Harold Rhode has explained the evolution in his latest essay, Can Muslims Reopen the Gates of Ijtihad? He puts the matter in context:
The Chinese peasants who went to work as laborers for the British in Singapore in the 19th century managed to produce the economic marvel that Singapore is today. Similarly, South Korea went from a semi-medieval kingdom 50 years ago to the tenth largest economy in the world. The Muslims of Aden in southern Arabia, however, lived under British rule, like the Singaporeans, yet they remain as underdeveloped as their neighbors who never lived under foreign domination. Singapore's Lee Kuan Yu, for example, once asked a well-known scholar of Islam, "Why is it that whatever we do to help our Muslims advance fails? We provide them with educational opportunities, give them financial incentives, and so on, but nothing works. They still remain at the bottom. Why?"
In any event, I commend the "Son of Hamas" and wish him well in his venture to engage in ijtihad, not to mention all the other brave folks that seek to to express themselves freely -- without fear of reprisal, rather than merely follow the forces which now control Islam

I further commend Rhode's essay, especially to those who care to better understand the state of modern Islam and how it may become as it used to be, a center of science, creativity and tolerance.

June 2, 2012

Existential Questions Facing the Muslim World

I never had a distinct awareness of Harold Rhode until I read Existential Questions Facing the Muslim World, his recent article at Gatestone Institute

Rather than getting into a debate over who he is, as many prefer to do, perhaps a better route is to examine what he says. You need not agree with the substance, but in my mind there is certainly value to look at different sides of the issues, particularly when they are controversial in scope.

The article begins:
Many parts of the world, such as Korea, China, and India - basically medieval kingdoms fifty or sixty years ago -- are now among the pacesetters of the modern world, both producing, and improving on, existing inventions. The Muslim world, however, often better off than these countries just half a century ago, has remained as it was, or has even, in many instances, deteriorated.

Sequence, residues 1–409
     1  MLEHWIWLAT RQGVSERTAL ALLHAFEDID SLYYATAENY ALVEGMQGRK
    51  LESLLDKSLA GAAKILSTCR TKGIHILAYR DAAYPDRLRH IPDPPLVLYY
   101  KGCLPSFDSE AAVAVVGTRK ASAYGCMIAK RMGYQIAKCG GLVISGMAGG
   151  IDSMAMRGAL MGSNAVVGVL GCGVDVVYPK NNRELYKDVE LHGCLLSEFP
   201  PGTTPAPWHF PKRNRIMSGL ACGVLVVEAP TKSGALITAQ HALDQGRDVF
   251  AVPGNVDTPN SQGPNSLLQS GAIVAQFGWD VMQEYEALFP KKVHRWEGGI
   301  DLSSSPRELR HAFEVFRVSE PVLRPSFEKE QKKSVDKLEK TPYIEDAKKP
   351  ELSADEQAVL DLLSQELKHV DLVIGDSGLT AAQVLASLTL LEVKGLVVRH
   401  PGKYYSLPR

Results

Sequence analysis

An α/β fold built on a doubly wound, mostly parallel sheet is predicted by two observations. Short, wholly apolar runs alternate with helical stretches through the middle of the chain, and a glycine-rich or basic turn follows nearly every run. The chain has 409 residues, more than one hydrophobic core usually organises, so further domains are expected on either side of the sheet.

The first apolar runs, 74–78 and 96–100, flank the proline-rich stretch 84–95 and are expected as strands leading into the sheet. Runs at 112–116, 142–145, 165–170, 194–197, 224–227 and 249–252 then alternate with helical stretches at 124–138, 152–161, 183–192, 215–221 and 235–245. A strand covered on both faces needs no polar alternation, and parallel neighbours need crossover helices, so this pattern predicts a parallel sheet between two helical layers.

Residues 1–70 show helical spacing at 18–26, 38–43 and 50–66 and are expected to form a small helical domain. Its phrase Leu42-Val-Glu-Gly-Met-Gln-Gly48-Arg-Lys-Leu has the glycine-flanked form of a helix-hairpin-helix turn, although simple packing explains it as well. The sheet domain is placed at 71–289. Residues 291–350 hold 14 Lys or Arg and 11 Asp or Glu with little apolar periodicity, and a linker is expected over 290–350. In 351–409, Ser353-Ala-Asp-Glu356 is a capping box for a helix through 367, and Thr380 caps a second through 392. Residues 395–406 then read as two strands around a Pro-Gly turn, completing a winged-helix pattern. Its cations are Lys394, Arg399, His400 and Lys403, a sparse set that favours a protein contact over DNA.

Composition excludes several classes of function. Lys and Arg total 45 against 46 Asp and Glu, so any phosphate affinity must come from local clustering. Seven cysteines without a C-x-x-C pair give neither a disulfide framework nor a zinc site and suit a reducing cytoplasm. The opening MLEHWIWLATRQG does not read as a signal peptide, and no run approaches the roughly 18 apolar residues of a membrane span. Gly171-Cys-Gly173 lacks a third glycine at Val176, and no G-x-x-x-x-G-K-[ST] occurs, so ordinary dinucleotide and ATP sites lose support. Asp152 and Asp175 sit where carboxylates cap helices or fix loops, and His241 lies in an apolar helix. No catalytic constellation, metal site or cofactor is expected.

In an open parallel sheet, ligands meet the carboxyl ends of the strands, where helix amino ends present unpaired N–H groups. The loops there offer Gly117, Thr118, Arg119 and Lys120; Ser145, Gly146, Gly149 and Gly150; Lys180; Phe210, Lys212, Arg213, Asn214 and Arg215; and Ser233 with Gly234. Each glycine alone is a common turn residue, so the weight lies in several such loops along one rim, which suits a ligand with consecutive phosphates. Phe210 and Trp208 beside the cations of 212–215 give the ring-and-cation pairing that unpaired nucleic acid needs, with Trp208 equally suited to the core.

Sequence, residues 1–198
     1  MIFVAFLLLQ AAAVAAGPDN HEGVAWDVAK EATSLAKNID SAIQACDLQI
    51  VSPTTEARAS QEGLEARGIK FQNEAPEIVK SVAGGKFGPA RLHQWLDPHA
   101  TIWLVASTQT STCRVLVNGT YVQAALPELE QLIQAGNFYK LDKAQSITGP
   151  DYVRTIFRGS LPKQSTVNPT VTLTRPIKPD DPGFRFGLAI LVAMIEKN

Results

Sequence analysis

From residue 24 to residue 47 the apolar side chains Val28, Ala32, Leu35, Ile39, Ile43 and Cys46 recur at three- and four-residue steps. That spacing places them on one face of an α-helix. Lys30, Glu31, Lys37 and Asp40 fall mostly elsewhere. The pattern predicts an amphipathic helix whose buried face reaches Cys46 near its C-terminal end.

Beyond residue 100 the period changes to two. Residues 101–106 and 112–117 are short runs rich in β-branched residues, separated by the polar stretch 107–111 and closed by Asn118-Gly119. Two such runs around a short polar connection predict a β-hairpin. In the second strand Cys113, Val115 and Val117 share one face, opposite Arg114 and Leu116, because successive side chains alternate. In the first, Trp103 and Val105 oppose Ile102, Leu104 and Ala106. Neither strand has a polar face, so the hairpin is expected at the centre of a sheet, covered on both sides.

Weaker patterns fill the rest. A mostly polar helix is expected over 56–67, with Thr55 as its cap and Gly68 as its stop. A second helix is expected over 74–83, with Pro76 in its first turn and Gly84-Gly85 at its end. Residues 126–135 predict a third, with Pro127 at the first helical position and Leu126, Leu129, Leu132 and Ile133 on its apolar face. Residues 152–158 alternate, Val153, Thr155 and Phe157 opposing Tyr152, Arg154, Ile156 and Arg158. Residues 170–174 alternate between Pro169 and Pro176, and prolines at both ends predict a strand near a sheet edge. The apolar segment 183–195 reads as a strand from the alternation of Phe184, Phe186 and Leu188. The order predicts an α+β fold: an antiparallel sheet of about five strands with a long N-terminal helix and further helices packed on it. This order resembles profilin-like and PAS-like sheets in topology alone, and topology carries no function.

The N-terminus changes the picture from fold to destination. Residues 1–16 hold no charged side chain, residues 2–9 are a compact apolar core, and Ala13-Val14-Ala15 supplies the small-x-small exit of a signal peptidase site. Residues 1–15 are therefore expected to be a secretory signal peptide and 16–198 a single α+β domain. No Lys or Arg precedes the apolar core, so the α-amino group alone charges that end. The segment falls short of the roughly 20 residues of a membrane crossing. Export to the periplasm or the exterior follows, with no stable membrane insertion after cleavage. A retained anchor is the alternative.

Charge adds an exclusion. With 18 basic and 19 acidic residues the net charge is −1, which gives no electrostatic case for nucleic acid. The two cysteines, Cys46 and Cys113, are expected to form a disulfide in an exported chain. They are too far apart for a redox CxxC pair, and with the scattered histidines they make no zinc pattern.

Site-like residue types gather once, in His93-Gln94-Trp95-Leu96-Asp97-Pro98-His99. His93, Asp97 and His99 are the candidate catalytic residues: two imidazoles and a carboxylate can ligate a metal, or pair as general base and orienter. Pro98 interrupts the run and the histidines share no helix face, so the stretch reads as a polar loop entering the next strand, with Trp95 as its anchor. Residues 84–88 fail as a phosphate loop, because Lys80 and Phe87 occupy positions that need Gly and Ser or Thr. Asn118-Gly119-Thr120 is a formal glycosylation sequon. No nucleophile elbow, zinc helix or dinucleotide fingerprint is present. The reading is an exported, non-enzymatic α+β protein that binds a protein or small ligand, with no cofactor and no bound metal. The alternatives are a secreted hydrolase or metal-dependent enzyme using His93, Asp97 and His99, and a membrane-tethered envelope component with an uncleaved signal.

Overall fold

This inertia in the Islamic world seems to stem not from any genetic limitations, or even religious ones, but purely from Islamic culture.

Although one can gain some insight into Islamic culture from books and other written material, if one is to really understand the Muslim world, there is no substitute for sitting in coffee or tea houses, spending time with Muslims, and asking them questions in their own surroundings and in their own languages. A result of these approaches would seem to indicate, with respect, some of the factors citizens of the Arab and Muslim world might wish to consider to use their extraordinary talents even more fully:
Whether anyone reading here wishes to delve into the factors with Rhodes is a personal choice. The topics he addresses are:
  • The Ability to Question
  • The Role of the Individual vs. the Role of the Group
  • Encouraging Creativity
  • The Ability to Admit Failure and Learn from It
  • The Learning Process
  • Taking Responsibility for One's Actions
  • How Information Is Passed On To Others
  • The Western Concept of Compromise
  • The Western Concept of Peace
  • Book Publishing
  • The Status of Women
  • The Oil Curse
He concludes with reference to Palestinians and Jews:
Palestinians, as well, are easily capable of accomplishing what anyone else does, if only their education, governance and cultural incentives were changed from destroying their neighbor, Israel, to building a felicitous society. Palestinian political leaders, however, seem to have decided that the rewards from the international community, at least for them, will be greater if they are seen as victims receiving perpetual handouts, rather than as leaders receiving rewards linked to accomplishments. The economic system seems to have evolved into bribes in exchange for promises that are never kept, followed later by the request for still more bribes.
Ironically, all genetic analyses of the many ancient Muslim Palestinian families indicate that they are largely from the same genetic stock as Ashkenazi Jewry. [...] So what is the difference here? The Jewish culture encourages questioning and thinking from an early age, whereas the Palestinian Muslim culture does not. What is encouraged instead is the unexamined acceptance of whatever is set before one, whether on government-run television or in government-written textbooks. Religion has nothing to do with this situation; Islam therefore is not the problem: Islamic culture is. Only when Muslims address their culture head-on can there be any real hope for their world to overcome its self-imposed limitations and start fully contributing to the wonders of the 21st century.
I suggest the article is both informative and thought provoking, and worth a full read, no matter one's persuasion, including those who habitually reject most anything uttered by political adversaries, and will leave it at that.